The Burgundy region was awarded by King Jean II of France to his son Philip in 1363. This gift was recognition of his bravery defending his father at the Battle of Poitiers where father and son fought and lost the battle to England’s ‘Black Prince’ in 1356.
Philip, from his new capital in Dijon, began immediately growing and enlarging his Duchy until it became one of the wealthiest and most powerful regions in Europe. Burgundy under the rule of Philip and the succeeding Valois Dukes became a center for arts as well as producing one of Europe’s finest and best-equipped armies.
When John “the Fearless’ succeeded Philip as Duke in 1404, previously cordial relations with France declined. The murder of Duke John by the French led to outright hostility between Burgundy and France. Burgundy at this time supported English King Henry V’s claim to the throne of France, further incensing the French.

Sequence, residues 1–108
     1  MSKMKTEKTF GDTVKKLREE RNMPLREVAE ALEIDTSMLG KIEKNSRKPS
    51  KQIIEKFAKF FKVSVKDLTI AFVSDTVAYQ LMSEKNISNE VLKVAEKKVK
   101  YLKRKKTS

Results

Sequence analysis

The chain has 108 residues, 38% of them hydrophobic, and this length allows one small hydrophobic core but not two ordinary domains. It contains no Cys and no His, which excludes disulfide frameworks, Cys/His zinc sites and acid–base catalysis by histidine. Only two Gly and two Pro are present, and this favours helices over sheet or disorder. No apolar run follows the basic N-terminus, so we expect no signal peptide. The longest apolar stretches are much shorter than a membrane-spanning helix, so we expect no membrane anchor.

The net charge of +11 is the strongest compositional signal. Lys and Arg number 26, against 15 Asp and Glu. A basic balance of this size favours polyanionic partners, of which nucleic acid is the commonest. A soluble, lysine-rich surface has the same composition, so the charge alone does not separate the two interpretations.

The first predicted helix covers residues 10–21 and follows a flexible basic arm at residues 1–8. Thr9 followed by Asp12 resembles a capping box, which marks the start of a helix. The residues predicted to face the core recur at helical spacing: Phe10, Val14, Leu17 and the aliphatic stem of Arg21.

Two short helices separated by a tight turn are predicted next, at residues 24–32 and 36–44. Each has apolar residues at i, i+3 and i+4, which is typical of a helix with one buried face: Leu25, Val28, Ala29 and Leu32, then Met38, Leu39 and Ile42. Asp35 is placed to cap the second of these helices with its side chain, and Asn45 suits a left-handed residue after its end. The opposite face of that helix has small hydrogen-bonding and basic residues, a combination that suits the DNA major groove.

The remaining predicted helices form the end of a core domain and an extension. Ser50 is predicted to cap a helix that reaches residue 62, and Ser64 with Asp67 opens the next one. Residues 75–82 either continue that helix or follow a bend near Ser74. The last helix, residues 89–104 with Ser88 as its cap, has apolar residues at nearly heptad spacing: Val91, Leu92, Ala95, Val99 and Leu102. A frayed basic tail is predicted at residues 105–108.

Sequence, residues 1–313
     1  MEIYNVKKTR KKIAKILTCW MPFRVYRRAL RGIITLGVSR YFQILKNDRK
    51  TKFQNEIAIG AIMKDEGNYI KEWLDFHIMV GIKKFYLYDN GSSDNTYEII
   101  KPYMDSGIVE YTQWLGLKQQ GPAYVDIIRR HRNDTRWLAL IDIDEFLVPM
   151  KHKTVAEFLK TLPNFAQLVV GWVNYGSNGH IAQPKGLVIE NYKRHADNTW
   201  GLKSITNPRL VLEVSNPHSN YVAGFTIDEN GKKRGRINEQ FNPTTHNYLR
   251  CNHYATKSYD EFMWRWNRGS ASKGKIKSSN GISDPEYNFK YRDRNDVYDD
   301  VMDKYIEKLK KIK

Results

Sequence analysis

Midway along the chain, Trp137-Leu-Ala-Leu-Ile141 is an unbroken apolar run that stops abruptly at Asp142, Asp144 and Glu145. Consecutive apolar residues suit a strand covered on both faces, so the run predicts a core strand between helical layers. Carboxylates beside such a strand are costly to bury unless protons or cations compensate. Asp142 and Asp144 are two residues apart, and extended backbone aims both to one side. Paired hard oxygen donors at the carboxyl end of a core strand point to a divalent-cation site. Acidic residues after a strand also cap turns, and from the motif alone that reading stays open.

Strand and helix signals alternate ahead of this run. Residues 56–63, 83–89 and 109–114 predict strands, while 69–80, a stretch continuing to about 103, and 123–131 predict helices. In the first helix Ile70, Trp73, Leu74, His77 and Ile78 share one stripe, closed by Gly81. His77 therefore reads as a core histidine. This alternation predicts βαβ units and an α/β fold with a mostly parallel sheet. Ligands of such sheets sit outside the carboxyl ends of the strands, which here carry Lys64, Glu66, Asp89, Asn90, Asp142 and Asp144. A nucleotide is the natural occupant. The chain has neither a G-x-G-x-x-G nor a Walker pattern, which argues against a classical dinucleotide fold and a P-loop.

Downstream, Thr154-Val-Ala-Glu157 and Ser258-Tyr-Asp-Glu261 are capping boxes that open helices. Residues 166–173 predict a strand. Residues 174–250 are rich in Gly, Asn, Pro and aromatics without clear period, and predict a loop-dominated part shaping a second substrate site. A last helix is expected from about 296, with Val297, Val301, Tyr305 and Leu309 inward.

The apex in power, wealth and influence of the Burgundian State was under the rule of Duke Philip II, “Philip the Good” (1467). Among the many substantive contributions to the leadership role enjoyed by Burgundy during Duke Philip’s rule was the creation of the Order of the Golden Fleece in 1430. When Philip died in 1467, the dukedom passed to his warrior son, Charles. Charles continued the expansion of the Burgundian State until his untimely demise while fighting the Swiss.
The death of Duke Charles the Bold in 1477 at the Battle of Nancy ended the Duchy of Burgundy and the rule of the Valois Dukes. Charles left no male heir, his only child being Mary of Burgundy. France declared that Burgundy was no longer an independent Duchy and absorbed it into the French state. Mary of Burgundy and husband Maximilian I of Austria, soon to be Emperor of the Holy Roman Empire, tried vainly to retain all of the many regions of the Burgundian Duchy. Ultimately the Duchy of Burgundy ceased to exist; the territory was divided between the two great powers of Continental Europe: France and the Holy Roman Empire.
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